FORT MOSE by Glennette Tilley Turner

FORT MOSE

And the Story of the Man Who Built the First Free Black Settlement in Colonial America
Age Range: 8 - 12
Email this review

KIRKUS REVIEW

Another too-little-known chapter in African-American history is revealed in this rich story of the first free black settlement to legally exist in what later became the United States. Founded in 1738 in St. Augustine in what was then Spanish Florida, Fort Mose offered sanctuary to slaves who escaped from English colonies. It would become home to approximately 100 people. Turner begins with the story of Francisco Menendez. With little historical record of his life, the author must speculate on what Menendez's life was like in West Africa before he was captured and sold into slavery in South Carolina. She does so responsibly, reminding readers of the paucity of source material and extrapolating from what is known of the slave trade at the time. In St. Augustine, Menendez became captain of the black militia that was vital to defending the settlement from English attack and the leader of the Fort Mose community. Illustrated throughout with archival images, this handsomely designed book offers an eye-opening look at a hitherto little-known community and a notable figure in Colonial American history. (glossary, source notes, bibliography, index) (Nonfiction. 8-12)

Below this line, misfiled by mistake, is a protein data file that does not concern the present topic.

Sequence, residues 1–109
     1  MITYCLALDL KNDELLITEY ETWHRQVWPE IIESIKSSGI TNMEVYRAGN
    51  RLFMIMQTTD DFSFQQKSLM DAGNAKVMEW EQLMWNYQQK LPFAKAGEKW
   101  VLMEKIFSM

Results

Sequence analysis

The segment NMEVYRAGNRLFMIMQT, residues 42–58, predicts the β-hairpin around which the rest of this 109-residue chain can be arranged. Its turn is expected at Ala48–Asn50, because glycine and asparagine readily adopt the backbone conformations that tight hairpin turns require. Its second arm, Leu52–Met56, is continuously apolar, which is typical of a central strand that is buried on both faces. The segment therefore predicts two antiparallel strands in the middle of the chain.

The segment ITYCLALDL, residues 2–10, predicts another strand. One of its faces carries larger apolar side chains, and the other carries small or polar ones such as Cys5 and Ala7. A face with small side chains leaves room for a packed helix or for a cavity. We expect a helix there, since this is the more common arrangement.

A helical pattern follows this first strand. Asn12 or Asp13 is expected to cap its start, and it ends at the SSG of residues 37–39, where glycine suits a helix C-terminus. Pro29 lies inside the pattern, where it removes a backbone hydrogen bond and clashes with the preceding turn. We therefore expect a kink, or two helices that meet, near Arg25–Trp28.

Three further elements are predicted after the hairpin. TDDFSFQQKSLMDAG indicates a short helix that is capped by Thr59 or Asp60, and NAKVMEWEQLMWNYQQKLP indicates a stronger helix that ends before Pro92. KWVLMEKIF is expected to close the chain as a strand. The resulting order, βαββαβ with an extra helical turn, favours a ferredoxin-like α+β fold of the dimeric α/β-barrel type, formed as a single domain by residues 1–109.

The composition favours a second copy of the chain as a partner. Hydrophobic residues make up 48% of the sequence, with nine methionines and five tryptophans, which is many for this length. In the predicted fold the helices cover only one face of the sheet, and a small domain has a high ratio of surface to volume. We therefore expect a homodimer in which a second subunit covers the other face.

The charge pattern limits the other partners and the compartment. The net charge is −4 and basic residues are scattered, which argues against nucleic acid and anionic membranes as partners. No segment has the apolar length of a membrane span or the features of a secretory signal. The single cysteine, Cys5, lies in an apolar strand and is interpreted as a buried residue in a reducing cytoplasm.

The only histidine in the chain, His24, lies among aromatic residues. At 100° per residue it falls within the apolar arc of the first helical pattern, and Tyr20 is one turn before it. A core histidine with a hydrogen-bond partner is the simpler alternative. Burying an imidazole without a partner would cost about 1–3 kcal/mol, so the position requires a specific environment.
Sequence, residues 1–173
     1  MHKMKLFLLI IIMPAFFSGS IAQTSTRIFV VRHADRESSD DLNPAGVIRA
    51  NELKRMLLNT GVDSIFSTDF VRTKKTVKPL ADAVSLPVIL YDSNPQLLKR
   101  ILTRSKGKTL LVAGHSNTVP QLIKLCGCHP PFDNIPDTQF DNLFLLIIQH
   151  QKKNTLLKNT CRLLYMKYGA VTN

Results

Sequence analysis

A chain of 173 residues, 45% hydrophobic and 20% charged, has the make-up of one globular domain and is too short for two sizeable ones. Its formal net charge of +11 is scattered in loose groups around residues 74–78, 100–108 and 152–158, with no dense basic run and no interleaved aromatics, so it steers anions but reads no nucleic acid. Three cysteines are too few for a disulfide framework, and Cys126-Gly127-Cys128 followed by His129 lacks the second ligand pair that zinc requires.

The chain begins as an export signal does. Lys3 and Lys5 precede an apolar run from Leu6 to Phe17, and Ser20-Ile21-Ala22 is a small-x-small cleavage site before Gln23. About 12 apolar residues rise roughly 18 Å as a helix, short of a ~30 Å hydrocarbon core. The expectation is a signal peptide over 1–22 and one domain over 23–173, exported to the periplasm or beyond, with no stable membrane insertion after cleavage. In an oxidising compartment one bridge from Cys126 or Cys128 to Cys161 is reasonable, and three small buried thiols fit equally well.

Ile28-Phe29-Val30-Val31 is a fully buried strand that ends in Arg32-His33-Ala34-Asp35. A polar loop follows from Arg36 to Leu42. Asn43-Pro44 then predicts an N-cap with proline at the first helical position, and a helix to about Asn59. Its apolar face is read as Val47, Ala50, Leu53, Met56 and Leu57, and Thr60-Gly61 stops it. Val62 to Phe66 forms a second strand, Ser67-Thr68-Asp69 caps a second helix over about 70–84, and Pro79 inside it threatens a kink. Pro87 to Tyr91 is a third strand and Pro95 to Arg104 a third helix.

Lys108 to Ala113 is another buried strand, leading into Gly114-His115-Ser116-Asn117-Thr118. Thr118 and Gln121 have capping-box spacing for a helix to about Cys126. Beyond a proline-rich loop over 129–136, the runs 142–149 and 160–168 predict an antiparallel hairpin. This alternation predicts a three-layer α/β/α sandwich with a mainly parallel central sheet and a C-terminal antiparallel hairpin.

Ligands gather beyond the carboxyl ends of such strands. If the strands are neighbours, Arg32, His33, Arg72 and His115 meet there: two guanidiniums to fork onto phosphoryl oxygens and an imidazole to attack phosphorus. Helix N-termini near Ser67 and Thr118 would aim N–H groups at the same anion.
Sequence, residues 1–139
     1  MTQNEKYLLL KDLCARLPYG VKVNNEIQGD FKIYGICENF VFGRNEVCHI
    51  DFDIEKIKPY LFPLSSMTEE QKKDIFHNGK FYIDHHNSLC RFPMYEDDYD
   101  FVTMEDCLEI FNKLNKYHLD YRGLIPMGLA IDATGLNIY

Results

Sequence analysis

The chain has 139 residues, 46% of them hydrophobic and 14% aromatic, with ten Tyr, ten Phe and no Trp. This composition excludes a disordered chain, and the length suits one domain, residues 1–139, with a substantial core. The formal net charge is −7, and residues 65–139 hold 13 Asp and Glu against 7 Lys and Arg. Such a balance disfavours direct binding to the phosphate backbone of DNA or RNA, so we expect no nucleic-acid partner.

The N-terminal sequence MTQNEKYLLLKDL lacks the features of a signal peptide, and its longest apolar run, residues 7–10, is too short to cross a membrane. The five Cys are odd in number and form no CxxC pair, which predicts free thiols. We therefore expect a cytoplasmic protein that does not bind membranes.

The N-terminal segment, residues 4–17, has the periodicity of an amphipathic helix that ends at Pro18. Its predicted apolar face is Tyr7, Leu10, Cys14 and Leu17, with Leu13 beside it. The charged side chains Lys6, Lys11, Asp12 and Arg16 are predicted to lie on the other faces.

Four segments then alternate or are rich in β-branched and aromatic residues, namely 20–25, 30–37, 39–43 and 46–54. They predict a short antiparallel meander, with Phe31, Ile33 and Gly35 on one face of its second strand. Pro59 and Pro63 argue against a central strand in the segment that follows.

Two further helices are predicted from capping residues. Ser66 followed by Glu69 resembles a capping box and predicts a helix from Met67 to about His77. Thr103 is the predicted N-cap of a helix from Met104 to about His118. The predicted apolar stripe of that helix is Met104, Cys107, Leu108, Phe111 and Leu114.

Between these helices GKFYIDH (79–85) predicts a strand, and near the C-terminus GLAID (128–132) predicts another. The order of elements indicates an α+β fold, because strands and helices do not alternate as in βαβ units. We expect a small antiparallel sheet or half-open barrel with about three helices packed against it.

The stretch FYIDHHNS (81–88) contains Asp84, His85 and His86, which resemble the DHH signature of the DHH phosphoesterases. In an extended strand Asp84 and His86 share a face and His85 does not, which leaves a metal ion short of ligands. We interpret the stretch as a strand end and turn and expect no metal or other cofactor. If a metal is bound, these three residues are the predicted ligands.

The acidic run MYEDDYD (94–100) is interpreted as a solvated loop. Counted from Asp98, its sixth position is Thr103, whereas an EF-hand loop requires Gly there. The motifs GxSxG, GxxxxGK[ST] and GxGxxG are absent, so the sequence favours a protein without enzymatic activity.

Pub Date: Sept. 1st, 2010
ISBN: 978-0-8109-4056-7
Page count: 48pp
Publisher: Abrams
Review Posted Online:
Kirkus Reviews Issue: Aug. 15th, 2010